Meet the Staff: Kaleb Wood, District Wildlife Biologist and Hunter Heritage Biologist
Photos by the author.
Growing up on a Shelby County farm, Kaleb Wood had the unique opportunity of watching wildlife management in action, and his observations led to an interest in becoming a natural resources manager.
“Our family farm lies along the West Okaw River, directly across the river from the West Okaw River State Fish and Wildlife Area, one of two units within Shelbyville State Fish and Wildlife Area,” Wood explained. “I watched the site staff undertake a number of management actions on the property, many of which were chores my father asked me to do on our land. As I got to know the site staff and heard them talking about how much they enjoyed working on the land, and understanding that they got paid for what they were doing, I made the decision to go college and pursue a career in natural resources.”
Wood attended Eastern Illinois University (EIU), earning a bachelor’s degree in Environmental Biology, and is completing his master’s degree from the university.
“As part of the bachelor’s program at EIU I was required to complete a 480-hour internship, earning 12 credit hours,” said Wood. “That internship allowed me to work with a number of Illinois Department of Natural Resources (IDNR) wildlife, natural heritage and fisheries biologists. These biologists provided me with a wide range of opportunities where I could develop a variety of skills and form a broad understanding of Illinois’ natural resources and resource management.”
In his role as an IDNR District Wildlife Biologist Wood covers Champaign and Vermilion counties where his responsibilities include wildlife management at Herschel Workman Pheasant Habitat Area, Gifford Pheasant Habitat Area, Kickapoo State Recreation Area and Middlefork State Fish and Wildlife Area. Wood works with the IDNR Division of Wildlife Resources’ Habitat Team on grassland management on the Pheasant Habitat Areas, and with site staff on implementation of effective wildlife management practices on the other lands.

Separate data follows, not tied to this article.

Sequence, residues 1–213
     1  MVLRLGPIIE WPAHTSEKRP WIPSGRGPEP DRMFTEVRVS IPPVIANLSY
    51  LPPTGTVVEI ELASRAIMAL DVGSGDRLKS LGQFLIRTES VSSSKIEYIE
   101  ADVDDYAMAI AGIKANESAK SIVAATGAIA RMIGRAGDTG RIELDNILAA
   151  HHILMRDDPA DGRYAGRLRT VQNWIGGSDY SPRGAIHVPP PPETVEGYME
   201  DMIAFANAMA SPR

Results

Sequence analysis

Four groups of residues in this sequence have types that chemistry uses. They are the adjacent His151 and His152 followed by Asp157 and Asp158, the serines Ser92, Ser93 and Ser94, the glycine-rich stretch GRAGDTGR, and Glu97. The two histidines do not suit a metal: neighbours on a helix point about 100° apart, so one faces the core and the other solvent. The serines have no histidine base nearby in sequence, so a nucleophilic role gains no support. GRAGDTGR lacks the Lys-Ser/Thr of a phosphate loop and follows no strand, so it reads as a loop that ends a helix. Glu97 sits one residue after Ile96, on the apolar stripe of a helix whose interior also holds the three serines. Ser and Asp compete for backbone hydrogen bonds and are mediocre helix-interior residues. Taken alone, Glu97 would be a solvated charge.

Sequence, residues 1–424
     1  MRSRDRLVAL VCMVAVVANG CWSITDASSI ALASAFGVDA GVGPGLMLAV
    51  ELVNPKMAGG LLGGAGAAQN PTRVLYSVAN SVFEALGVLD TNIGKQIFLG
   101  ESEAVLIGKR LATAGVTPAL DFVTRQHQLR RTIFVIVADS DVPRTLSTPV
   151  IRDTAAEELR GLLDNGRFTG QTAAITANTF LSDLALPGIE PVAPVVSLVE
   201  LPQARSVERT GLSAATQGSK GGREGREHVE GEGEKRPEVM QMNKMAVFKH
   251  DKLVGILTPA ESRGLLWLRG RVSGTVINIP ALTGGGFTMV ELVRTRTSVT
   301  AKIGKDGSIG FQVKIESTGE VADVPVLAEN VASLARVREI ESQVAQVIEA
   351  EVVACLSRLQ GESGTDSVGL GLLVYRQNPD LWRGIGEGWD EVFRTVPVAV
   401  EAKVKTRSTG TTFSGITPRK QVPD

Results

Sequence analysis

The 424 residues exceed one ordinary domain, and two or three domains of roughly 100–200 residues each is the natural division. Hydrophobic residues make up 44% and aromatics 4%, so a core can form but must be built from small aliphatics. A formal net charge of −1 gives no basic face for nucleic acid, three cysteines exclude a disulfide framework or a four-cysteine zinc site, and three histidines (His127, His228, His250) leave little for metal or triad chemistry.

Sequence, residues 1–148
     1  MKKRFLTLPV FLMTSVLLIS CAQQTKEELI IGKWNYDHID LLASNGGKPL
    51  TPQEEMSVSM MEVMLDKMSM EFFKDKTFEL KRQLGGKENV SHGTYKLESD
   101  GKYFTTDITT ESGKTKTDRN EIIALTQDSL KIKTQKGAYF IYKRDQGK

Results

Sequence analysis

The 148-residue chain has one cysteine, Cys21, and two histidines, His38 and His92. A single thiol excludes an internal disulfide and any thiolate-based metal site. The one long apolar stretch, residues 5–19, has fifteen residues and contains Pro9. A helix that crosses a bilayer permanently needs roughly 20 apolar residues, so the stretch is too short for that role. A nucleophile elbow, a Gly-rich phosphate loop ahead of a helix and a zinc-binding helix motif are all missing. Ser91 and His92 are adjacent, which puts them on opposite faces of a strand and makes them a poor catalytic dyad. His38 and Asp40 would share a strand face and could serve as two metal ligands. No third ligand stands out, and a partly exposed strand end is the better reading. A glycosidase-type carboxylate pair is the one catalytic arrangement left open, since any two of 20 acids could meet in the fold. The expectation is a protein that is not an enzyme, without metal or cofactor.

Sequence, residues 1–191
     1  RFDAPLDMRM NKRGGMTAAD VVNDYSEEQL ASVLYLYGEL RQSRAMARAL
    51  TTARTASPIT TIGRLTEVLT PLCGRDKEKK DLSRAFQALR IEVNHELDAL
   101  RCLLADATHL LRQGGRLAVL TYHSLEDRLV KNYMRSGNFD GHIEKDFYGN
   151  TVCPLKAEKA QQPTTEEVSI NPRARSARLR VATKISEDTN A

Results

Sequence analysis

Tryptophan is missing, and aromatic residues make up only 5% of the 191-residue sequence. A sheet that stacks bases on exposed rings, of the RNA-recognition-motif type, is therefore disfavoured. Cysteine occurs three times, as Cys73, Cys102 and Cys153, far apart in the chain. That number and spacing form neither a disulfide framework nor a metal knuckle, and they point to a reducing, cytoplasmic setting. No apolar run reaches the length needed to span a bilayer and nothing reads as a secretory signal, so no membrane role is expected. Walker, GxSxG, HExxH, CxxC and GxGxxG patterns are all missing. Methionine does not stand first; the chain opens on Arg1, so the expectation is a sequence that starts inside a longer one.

“Equally important to my work on public lands is the time spent working with private landowners on developing land management plans, and with constituents within Champaign and Vermilion counties to address any wildlife concerns they may have,” he continued.
Another component of Wood’s job is as a Hunter Heritage Biologist.
“My specialty within the program is as a hunter access specialist,” he elaborated. “My focus is to increase the huntable acres available to people in Illinois and create more opportunities for them to access land where they can hunt. Ultimately, we hope each participant has a chance to hunt somewhere close to home and will invite a friend or family member to join them. Hopefully many will start on a lifetime of hunting.”
Wood’s enthusiasm for his role as a wildlife biologist is evident after even a few moments of conversation.
“I appreciate working in the natural resource management field as the on-the-ground work my counterparts and I do today becomes something bigger down the road,” he concluded. “A prescribed fire we do one year evolves into a great forb patch within just a couple of years. I find great satisfaction in the fact that the public can observe the process, and eventually have the opportunity to enjoy our work, perhaps as a location where they can hunt or hike, birdwatch or take photographs.”
Kathy Andrews Wright is retired from the Illinois Department of Natural Resources where she was editor of Outdoor Illinois magazine. She is currently the editor of Outdoor Illinois Wildlife Journal and Illinois Audubon magazine.